Website Accessibility Guidelines: Complying with ADA (American Disabilities Act)

“The Americans with Disabilities Act of 1990 (ADA) prohibits discrimination and ensures equal opportunity for persons with disabilities in employment, State and local government services, public accommodations, commercial facilities, and transportation.” –

Public entities that choose to provide services through web-based applications (e.g., renewing library books) or that provide information through the Internet must ensure that individuals with disabilities have equal access to such services or information.

Below are several website standards to ensure compliance with the American Disabilities Act.

  • Provide alternative text for images on websites. Because screen readers only read text, they cannot interpret photographs, charts, color-coded information, or other graphic elements on a webpage.
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  • Font sizes on the Web should never be less than 12 pixels and should always consist of easily readable fonts.
  • Videos need to incorporate features that make them accessible to everyone. Provide audio descriptions of images (including changes in setting, gestures, and other details) to make videos accessible to people who are blind or have low vision. Provide text captions synchronized with the video images to make videos and audio tracks accessible to people who are deaf or hard of hearing.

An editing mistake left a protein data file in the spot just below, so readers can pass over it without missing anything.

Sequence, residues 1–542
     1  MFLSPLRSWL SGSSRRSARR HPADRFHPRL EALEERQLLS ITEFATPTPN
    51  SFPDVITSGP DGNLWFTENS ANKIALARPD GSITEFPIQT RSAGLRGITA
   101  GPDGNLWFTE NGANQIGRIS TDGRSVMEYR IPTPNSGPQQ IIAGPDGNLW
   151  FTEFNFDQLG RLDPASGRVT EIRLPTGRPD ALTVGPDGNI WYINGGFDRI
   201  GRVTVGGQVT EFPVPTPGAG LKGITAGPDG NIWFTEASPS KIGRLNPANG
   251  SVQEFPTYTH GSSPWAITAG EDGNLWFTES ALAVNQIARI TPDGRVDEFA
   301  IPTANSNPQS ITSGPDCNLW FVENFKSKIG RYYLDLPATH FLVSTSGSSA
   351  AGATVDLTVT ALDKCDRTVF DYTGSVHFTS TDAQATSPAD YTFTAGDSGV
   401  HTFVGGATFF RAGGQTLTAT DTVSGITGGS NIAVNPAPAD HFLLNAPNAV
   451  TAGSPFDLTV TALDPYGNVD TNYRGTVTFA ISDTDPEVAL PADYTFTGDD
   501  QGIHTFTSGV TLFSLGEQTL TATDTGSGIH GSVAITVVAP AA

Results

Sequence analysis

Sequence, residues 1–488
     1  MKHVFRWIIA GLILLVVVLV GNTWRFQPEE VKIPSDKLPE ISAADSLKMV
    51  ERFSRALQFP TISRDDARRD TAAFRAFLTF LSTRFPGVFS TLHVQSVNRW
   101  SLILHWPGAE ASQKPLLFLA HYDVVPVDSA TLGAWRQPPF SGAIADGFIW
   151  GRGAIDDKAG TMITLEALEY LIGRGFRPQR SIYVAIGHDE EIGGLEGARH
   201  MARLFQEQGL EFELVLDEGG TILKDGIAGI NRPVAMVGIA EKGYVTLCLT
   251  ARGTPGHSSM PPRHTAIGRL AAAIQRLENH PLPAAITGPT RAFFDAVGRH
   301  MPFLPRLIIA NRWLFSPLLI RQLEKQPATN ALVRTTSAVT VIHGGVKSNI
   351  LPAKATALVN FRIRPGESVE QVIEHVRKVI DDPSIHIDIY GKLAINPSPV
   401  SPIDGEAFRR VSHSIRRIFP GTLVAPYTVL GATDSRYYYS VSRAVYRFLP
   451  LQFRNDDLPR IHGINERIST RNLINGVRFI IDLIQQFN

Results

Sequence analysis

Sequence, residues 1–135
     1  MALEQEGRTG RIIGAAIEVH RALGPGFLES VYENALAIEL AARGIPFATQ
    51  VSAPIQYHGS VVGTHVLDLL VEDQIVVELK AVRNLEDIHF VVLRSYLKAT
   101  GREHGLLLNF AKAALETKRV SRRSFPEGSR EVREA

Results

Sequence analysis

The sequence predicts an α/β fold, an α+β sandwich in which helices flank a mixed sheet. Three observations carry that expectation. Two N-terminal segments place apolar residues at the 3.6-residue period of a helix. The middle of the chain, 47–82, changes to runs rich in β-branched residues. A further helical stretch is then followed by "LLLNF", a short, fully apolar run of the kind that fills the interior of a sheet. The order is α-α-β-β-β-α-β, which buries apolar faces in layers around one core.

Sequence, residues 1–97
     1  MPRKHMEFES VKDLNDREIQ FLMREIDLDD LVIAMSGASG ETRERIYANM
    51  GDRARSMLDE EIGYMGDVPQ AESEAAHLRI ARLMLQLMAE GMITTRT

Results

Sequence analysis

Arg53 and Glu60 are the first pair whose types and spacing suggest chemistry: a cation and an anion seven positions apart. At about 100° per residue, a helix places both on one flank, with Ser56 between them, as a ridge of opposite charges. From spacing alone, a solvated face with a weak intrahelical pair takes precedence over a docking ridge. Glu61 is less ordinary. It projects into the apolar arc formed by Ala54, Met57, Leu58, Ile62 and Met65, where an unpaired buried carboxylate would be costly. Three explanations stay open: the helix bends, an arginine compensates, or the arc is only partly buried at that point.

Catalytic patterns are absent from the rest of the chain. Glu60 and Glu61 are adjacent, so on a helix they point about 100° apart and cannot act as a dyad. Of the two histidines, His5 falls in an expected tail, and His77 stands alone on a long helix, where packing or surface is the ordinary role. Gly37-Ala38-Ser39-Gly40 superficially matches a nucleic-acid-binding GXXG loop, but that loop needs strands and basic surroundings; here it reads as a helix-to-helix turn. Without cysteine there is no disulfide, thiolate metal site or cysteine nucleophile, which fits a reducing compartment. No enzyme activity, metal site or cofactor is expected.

• Avoid using blinking, flashing, or other distracting features; if they must be included, ensure that moving, blinking, or auto-updating objects or pages may be paused or stopped.
  • Include a “skip navigation” link at the top of webpages that allows people who use screen readers to ignore navigation links and skip directly to webpage content; or provide correct headings in order for screen readers to read from topic to topic, rather than the whole page. Most website templates and content management systems automatically come with heading capabilities.
  • Include visual notification and transcripts if sounds automatically play.
  • Many people are color-blind, especially in the areas of blue, green, and red. Do not use color to convey meaning. For example, a website warning in red should properly read, “Warning: The library will be closed due to inclement weather rather than The library will be closed due to inclement weather”.
  • Make certain that you have a good contrast on your website. Contrast is the difference in color or density between the background and foreground. Black on white is an example of good contrast, while purple on dark blue is an example of poor contrast.
  • Bulleted and numbered lists are a good way to present list content and set points apart.
  • Have only a few font types on your website.